The Ubiquitous MU

Note: Coptic was the spoken and written language in Egypt. It was in use from the first to about the sixth century A.D.

Mu meant “mother” in old egyptian (Mu = Mut = Maut, the great earth mother in early egypt).

Over time it mutated into mou, mau, and finally maau in Coptic (though some dialects still use mou).

Coptic (Hametic Language Group)

ma place
maau mother
me truth
meeue thought, belief
moou water
mouh burn, flash
mou death
moue island

Indeed a link between mu and the nearly universal worship of an “Earth Mother” can easily be traced in various language groups.

The mu sounds in various cultures (pronounced moo like a cow utterance), these all seem to be diachronically linked to a similar ancient root.

In late Egyptian (Coptic) moue (means both “island” and also “brightness”), moou (water or flood), mou (death), mouh (several meanings according to context: burning, glowing; fullfillment, completion; appearance), me (means love or truth or justice), ma (place or location), maau (mother) and a several other mou- based words.

Now then, if the pattern follows normal diachronic mutation (i.e. people are lazy and make words easier over time) then the common root may have been ma, mae or mau.

This is interesting because the indo-european languages all have “ma”, “me”, or “mo” as the root for mother:

Sanskrit matr
Old English modor
Latin mater
Old Irish mathair
Greek meter
Avestan matar
Russian matka

In the Greek, the verb root mu implied closed lips, silence, unspoken and is hence the basis of the word musterion (mystery) as in the Elesian mysteries, which involved worship of the great earth mother.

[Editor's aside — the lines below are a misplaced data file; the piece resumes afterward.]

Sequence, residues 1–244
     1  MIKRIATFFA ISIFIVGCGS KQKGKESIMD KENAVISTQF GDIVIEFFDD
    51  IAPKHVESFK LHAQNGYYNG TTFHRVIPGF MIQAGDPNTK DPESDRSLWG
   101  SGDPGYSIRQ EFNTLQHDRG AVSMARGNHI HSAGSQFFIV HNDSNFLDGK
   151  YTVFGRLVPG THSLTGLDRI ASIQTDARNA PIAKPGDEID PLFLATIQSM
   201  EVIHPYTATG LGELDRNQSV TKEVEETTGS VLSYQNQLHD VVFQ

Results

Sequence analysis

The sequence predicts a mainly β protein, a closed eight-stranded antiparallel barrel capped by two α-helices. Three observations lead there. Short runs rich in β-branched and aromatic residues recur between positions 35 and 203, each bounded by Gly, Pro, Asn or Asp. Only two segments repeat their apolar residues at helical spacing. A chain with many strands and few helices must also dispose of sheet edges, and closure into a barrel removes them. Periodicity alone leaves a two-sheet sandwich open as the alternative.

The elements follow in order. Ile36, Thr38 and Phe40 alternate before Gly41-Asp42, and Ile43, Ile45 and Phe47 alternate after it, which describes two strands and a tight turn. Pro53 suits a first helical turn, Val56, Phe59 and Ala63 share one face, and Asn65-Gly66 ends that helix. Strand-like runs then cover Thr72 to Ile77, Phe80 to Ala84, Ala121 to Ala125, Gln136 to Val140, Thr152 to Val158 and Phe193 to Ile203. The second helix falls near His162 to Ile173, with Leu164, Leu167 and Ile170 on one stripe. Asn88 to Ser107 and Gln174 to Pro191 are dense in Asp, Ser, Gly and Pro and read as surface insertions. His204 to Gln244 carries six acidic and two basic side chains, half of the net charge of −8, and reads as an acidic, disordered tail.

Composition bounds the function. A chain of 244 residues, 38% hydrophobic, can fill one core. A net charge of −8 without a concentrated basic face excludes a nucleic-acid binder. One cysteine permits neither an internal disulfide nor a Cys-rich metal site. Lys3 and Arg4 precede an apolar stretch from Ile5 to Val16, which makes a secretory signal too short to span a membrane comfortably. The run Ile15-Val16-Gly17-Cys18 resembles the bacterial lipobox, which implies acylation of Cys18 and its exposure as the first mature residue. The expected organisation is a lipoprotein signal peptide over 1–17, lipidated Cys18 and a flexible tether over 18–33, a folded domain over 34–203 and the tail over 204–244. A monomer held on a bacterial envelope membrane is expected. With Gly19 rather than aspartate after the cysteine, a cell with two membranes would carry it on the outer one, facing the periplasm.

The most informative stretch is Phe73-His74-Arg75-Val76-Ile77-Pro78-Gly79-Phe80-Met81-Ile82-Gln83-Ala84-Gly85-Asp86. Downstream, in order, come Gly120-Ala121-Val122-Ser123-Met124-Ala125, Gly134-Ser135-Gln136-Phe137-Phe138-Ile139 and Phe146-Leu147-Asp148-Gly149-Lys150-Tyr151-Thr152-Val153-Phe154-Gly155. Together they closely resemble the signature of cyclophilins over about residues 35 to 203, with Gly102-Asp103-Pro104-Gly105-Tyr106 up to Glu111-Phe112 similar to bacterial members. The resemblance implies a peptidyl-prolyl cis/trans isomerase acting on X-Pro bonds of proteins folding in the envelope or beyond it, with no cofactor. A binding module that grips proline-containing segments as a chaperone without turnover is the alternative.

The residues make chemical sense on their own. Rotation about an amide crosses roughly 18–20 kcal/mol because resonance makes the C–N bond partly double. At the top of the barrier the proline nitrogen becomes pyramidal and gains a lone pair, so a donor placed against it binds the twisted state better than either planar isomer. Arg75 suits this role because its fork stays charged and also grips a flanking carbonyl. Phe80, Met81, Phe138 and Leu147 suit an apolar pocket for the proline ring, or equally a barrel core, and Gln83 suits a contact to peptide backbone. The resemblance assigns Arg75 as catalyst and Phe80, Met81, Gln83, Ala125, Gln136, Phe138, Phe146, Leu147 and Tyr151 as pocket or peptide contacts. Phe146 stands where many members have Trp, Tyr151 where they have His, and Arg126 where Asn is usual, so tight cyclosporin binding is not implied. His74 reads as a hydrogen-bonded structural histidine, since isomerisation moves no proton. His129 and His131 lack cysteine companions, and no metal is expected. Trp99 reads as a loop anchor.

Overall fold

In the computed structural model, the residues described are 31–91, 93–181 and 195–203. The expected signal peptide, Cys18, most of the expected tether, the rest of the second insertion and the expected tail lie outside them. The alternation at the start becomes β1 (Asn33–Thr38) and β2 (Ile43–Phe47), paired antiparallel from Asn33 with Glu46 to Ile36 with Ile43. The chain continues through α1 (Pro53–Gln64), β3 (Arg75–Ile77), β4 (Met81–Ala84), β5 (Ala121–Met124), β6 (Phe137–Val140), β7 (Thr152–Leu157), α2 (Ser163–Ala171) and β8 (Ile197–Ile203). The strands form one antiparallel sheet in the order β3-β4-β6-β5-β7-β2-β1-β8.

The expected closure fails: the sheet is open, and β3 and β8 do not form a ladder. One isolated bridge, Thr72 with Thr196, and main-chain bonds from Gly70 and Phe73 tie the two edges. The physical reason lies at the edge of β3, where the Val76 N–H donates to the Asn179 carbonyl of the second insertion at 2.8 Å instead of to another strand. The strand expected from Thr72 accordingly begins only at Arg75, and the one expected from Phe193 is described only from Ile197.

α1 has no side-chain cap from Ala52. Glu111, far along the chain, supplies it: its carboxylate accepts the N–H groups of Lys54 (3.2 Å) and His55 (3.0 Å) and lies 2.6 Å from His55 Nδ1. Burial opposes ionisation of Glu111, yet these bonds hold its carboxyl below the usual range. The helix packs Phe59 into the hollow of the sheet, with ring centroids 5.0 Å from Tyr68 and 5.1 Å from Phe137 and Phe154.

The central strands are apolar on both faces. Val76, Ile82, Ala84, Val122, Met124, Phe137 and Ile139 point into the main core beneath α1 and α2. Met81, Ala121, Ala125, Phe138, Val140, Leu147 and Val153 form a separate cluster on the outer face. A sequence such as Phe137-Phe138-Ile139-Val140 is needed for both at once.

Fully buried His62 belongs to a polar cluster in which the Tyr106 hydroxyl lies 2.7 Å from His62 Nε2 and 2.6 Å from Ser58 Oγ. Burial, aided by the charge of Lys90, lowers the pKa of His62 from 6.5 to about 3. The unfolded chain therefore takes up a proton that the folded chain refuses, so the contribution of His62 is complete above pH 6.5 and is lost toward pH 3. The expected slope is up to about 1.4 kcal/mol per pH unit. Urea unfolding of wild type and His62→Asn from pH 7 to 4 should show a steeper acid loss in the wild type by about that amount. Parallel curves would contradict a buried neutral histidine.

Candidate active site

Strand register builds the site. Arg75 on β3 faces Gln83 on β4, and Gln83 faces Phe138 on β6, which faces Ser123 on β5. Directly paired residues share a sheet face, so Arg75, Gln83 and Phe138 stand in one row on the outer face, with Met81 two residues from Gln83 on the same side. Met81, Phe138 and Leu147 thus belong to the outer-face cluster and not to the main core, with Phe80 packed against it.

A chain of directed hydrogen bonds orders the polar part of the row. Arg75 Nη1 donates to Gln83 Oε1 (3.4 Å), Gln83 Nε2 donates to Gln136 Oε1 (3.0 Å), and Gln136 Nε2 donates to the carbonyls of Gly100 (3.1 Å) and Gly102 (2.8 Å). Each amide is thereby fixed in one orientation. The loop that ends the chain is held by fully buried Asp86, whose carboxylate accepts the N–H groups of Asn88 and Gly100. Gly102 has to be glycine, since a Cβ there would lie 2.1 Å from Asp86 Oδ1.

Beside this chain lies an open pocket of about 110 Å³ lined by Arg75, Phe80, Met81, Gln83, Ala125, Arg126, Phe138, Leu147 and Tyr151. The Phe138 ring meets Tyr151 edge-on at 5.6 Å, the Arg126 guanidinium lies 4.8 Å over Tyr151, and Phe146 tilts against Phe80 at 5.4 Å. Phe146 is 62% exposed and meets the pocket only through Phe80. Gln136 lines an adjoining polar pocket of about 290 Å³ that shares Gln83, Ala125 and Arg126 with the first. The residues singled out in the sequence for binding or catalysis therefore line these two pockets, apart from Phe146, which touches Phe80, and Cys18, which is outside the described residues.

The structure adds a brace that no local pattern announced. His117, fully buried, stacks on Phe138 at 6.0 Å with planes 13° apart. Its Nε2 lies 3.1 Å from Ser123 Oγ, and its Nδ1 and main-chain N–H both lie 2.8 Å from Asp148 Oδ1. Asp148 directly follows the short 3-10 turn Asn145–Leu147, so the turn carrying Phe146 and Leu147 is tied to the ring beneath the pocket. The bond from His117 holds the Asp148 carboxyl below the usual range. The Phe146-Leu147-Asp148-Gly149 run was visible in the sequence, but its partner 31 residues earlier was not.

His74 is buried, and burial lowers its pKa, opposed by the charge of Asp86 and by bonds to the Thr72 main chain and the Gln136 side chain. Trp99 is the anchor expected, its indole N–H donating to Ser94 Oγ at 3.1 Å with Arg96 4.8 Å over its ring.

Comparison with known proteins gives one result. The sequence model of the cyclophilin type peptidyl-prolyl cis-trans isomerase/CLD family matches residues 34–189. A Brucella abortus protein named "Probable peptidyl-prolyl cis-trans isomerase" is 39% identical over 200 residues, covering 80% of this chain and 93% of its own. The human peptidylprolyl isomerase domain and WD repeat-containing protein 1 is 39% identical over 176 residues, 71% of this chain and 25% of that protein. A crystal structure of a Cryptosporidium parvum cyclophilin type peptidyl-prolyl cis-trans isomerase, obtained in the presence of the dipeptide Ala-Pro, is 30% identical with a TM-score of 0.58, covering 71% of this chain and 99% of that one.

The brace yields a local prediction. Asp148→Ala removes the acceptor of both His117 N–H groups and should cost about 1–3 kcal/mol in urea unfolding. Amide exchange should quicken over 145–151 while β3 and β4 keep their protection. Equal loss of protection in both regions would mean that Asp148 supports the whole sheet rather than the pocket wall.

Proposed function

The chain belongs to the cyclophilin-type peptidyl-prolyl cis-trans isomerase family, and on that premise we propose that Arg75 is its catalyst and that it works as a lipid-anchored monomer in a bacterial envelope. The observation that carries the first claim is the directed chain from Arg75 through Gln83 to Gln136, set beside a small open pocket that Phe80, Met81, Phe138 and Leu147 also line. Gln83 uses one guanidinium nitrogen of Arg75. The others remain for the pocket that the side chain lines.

A weird sidepoint is that the ancient Chinese earth mother goddess was called “shing moo”in some places and “ma tsoop” eslewhere with
the moo and ma meaning mother.

Greek (Indo European Language Group)
mu, muo verb closing of the lips
mu silence or unspoken
muth myth, story
muse muse, music
musterion mystery

It is highly likely Demeter is De- Meter: The-True Mother.

Sumerian (Semitic Language Group)
ama mother
eme tongue, speech
ma boat, depart
mamu dream
marru flood
maruru flood storm
mer storm wind, violent storm
mi woman
mu woman
mu name
mumu always being reborn
munus woman
mul star, constellation
mur storm wind, violent storm
umu older woman, nurse, teacher

By J. Warren Wells. Please cite as source if you quote from this.

“J. Warren Wells is a well-known Greek and Coptic researcher.” Logos Software.

His books on Greek and Coptic can be found here:

About JWells

By profession, I have been a scientist in applied linguistics related to Computer Security for over 20 years. 80+ papers published. Five patents. Working with Classical and Biblical Greek for over 35 years. Working with Egyptian Coptic dialects for over 25 years. I have produced and own the copyright on three complete editions of the New Testament. One in the Egyptian Greek. One in Sahidic Coptic. One Bohairic Coptic. My Sahidic-English Lexicon has also been published. My main publisher is Logos Software. I recently completer a new edition of Plato's Atlantis in the context of ancient Greek beliefs and understanding.
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1 Response to The Ubiquitous MU

  1. One also has to consider that the name “Mu” used by James Churchward could just be an arbitrary phonetic construction drawn from previous studies by Augustus Le Plongeon who himself took it from the earlier and controversial Mayan translation of Charles Etienne Brasseur de Bourbourg. Thus, a link between an arbitrary “Mu” transliteration and a theoretical sunken continent, either in the Atlantic Ocean (as Le Plongeon theorized) or in the Pacific (as James Churchward believed), could just be completely artificial. I think we have to keep that in mind while examining possible etymological roots.

    I also wouldn’t consider the Greek term “muses” (μοῦσαι) as using the same root as the verb “muo” (μύω), these are clearly not related, as can be seen from their Greek transliteration which are orthographically different.

    As for Demeter being the “True mother”, the consensus among scholars is that Demeter is either a deformation of Γῆ Μήτηρ or of Δημομήτηρ, which both translate as the “Earth mother”. Your proposal is interesting but would you care to expand your argumentation as to why your proposal might be more likely?

    — Y.D.

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